by admin on 14/06/13 at 2:08 pm
By Joseph Kaskanian
The protests continue in Turkey as massive clouds of tear gas blanket Taksim square. The protest started with a group of activist occupying Taksim Square in order to stop government actions toward transforming their historic parks into a shopping center. “Imagine them taking down Central park to turn it into a shopping center,” said one protester. The government’s actions against these groups of activist sparked involvement from the entire country, and now, tens and thousands of Turkish citizens have taken it to the streets across the country to protest against Prime Minister Erdogan and his party. The Interior Minister, Muammer Guler, reported that, as of June 2, “there have been over 235 protests in 67 provinces. There have been over 1,000 arrests and hundreds of casualties… Human rights Watch is still assessing these figures.”
It seems that citizens of Turkey, as a self-proclaimed democratic republic, are now bringing light to the true colors of their government, through the major human rights violations that the people are now subject to. Article 34 of the constitution states that, “Everyone has the right to hold unarmed and peaceful meetings and demonstration marches without prior permission.” This article is being completely violated, as the Turkish Police continue to abuse the citizens and their constitutional rights. These protestors are being sprayed down with water cannons, shot with tear gas canisters, and even physically assaulted by police. What’s ironic is that “Gezi Park near Taksim Square in Istanbul was originally the largest non-Muslim cemetery in Turkey that belonged to Christian Armenians. It was confiscated by the Turkish government, demolished in the 1930’s and the marble tombstones were sold as part of a systematic plan to continue to erase the memory of the Armenians after the genocide of 1915.”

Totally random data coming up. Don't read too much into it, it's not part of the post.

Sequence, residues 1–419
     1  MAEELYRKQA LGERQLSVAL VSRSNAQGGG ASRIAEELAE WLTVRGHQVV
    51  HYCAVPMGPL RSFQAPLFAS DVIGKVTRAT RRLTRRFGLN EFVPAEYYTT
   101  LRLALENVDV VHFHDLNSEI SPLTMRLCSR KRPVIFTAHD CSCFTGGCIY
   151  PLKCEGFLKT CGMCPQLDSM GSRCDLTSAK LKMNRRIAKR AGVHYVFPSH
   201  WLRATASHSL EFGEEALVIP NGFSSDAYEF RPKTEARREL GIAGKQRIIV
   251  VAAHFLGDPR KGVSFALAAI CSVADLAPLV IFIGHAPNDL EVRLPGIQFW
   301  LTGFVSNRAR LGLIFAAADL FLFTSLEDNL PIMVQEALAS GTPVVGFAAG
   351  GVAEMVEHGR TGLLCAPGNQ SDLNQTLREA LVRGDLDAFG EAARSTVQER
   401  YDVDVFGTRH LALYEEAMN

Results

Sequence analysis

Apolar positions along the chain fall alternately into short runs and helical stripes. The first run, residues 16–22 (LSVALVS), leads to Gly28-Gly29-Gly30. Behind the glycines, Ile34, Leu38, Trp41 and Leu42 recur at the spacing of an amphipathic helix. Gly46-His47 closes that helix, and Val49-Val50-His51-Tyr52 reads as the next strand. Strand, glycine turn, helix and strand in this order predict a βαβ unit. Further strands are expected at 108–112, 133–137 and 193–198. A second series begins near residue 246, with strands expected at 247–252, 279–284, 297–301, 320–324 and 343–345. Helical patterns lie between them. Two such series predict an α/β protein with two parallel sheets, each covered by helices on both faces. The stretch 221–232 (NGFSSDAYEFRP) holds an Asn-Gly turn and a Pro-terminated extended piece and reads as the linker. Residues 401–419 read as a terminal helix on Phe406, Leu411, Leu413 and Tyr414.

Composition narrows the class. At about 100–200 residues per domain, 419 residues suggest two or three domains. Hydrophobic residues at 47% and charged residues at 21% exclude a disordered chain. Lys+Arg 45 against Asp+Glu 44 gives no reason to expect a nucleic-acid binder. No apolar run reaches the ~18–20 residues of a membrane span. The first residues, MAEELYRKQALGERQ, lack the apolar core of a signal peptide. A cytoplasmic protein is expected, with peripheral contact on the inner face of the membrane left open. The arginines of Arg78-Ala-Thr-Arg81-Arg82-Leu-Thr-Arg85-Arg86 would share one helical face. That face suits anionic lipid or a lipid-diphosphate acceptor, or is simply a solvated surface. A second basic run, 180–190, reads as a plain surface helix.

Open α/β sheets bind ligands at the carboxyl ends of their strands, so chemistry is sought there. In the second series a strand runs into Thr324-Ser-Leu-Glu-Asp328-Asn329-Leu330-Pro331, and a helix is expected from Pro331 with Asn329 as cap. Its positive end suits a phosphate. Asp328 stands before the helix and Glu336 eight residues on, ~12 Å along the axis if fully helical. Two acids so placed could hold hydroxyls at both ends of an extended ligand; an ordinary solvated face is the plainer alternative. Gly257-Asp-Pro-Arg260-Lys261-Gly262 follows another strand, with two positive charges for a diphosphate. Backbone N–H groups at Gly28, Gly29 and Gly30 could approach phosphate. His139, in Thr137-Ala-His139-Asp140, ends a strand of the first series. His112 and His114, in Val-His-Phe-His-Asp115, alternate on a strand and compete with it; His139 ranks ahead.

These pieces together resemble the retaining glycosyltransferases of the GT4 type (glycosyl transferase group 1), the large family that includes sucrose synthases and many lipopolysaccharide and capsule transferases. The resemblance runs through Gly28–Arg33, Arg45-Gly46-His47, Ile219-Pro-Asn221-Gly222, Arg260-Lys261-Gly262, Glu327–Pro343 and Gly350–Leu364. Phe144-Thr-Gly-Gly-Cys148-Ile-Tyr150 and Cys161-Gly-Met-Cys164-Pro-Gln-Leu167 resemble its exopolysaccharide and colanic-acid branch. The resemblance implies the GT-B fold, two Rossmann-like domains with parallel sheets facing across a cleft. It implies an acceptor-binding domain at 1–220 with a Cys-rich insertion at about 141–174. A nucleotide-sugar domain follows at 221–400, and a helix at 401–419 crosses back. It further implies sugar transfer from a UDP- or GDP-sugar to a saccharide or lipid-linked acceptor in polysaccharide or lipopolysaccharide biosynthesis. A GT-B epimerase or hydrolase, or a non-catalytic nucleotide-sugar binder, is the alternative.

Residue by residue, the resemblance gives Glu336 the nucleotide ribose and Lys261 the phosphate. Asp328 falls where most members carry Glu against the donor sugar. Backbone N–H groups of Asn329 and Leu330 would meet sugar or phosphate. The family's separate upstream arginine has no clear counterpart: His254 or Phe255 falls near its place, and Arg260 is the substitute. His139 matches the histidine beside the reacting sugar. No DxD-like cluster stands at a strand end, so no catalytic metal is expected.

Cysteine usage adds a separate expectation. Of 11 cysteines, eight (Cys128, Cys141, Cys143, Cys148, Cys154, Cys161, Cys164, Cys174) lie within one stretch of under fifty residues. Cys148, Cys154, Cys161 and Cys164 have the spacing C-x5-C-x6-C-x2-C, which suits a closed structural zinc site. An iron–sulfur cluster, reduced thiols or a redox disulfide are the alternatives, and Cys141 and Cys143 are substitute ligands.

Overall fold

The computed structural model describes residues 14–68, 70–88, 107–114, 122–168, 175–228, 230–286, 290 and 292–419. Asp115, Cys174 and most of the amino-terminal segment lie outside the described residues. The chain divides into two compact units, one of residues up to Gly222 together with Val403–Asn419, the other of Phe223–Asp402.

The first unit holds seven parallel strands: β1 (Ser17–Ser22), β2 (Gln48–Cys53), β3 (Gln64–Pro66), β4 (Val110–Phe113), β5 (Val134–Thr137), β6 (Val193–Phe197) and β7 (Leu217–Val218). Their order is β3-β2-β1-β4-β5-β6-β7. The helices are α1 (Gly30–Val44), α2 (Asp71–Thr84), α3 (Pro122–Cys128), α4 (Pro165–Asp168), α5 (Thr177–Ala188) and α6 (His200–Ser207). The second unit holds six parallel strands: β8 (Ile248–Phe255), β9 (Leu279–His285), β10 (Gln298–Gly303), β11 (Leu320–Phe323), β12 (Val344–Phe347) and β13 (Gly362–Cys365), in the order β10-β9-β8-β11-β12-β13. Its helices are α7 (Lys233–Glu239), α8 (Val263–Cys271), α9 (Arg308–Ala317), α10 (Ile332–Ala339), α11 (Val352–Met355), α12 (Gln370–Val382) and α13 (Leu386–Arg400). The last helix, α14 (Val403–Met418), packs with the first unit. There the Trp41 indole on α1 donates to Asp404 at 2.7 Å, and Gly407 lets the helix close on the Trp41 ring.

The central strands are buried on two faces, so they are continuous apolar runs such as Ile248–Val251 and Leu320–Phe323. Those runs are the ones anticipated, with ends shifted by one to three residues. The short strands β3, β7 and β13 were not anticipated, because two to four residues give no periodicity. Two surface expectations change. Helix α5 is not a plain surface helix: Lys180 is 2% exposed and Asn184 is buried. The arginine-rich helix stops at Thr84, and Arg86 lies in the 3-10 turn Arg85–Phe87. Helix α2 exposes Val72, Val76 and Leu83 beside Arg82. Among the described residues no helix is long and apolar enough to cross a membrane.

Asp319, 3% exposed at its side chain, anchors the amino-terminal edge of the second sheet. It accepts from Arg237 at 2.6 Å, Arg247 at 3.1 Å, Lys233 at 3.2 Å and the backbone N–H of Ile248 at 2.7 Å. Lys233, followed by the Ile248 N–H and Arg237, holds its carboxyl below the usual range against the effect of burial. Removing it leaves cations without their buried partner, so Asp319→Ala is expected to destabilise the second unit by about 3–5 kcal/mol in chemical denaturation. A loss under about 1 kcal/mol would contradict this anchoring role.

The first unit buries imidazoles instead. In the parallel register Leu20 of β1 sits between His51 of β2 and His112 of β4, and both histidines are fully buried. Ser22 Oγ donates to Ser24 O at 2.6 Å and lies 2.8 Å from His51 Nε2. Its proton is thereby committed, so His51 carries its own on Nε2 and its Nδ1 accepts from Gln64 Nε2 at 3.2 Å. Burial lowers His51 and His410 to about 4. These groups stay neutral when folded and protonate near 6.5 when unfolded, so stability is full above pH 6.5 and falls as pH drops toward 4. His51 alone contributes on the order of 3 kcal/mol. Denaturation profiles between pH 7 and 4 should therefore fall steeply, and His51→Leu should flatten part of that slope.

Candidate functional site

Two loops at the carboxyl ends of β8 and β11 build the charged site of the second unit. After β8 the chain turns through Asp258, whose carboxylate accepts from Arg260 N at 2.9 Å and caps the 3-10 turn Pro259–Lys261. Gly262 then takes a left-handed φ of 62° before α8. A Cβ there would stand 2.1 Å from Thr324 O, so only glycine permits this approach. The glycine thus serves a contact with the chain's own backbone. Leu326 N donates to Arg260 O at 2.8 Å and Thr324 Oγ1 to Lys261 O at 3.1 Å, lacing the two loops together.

The citizens are fed up with Erdogan, who has held the position of Prime Minister since 2003. A protester in Taksim Square stated that “We want to be heard, respected.” Although thousands of people want Edrogran to leave his position, Erdogan states that he will not step down. Although he apologized to protesters, the attacks against his citizens continue to take place today. Deputy Executive Director of the Human Rights Watch, Carroll Bogert, tweeted that “Decision to send riot police, tear gas into Taksim has all but destroyed efforts at dialogue between Turkey’s government and protesters.” Human Rights Watch also issued a statement bringing light to the fact that, “In the incidents during the morning, Human Rights Watch witnessed subsequent clashes between the riot police, who repeatedly fired rounds of teargas and used vehicles equipped with water cannons, and some protesters who threw stones and gasoline bombs. The vast majority of protesters maintained their peaceful occupation of the park. Peaceful protesters also formed a long human chain in Taksim Square to protest the police entry into the square, and police dispersed them with teargas.” Sinclair-Webb stated that “The Prime Minister’s words this morning seem to have been a green light for the tear gas attack on peaceful demonstrators this evening.”
The people of Turkey have united in Taksim Square to scream democracy in the face of a morally bankrupt government. It is time for Erdogan’s regime to respect these citizens’ constitutional rights, as well as their basic human rights.
Aside from upholding the citizen’s right to protest, the Turkish government should be punished for using excessive force against its citizens.
Erdogan, the citizens of Turkey are fed up with your authoritarian government.
It is time for you to step down.